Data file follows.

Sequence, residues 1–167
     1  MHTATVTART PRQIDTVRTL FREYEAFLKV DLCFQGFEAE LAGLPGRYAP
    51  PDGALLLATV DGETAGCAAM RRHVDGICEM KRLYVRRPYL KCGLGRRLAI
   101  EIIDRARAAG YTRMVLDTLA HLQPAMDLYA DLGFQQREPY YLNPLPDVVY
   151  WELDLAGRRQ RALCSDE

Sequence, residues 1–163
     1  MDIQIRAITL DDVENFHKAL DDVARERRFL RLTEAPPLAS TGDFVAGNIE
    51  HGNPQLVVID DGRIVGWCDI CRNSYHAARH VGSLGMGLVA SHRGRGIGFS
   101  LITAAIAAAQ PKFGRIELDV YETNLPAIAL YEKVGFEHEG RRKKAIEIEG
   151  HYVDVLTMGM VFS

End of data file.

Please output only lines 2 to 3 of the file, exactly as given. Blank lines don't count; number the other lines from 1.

     1  MHTATVTART PRQIDTVRTL FREYEAFLKV DLCFQGFEAE LAGLPGRYAP
    51  PDGALLLATV DGETAGCAAM RRHVDGICEM KRLYVRRPYL KCGLGRRLAI